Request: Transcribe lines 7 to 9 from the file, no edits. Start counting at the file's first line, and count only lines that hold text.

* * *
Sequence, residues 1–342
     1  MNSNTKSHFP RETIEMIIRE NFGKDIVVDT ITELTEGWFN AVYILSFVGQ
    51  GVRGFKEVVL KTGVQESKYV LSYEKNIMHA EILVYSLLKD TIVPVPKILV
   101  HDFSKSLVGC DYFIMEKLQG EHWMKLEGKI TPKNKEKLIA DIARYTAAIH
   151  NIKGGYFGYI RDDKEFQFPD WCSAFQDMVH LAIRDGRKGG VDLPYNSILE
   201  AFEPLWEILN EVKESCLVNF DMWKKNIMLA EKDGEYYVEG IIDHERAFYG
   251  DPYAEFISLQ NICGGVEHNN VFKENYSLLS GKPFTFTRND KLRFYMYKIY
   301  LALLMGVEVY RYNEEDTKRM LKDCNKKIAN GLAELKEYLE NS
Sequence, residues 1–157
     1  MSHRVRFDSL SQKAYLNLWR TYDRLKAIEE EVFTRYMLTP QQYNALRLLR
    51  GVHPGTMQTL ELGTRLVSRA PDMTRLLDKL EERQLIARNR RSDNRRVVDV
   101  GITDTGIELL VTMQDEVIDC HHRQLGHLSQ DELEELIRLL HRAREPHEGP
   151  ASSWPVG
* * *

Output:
   251  DPYAEFISLQ NICGGVEHNN VFKENYSLLS GKPFTFTRND KLRFYMYKIY
   301  LALLMGVEVY RYNEEDTKRM LKDCNKKIAN GLAELKEYLE NS
Sequence, residues 1–157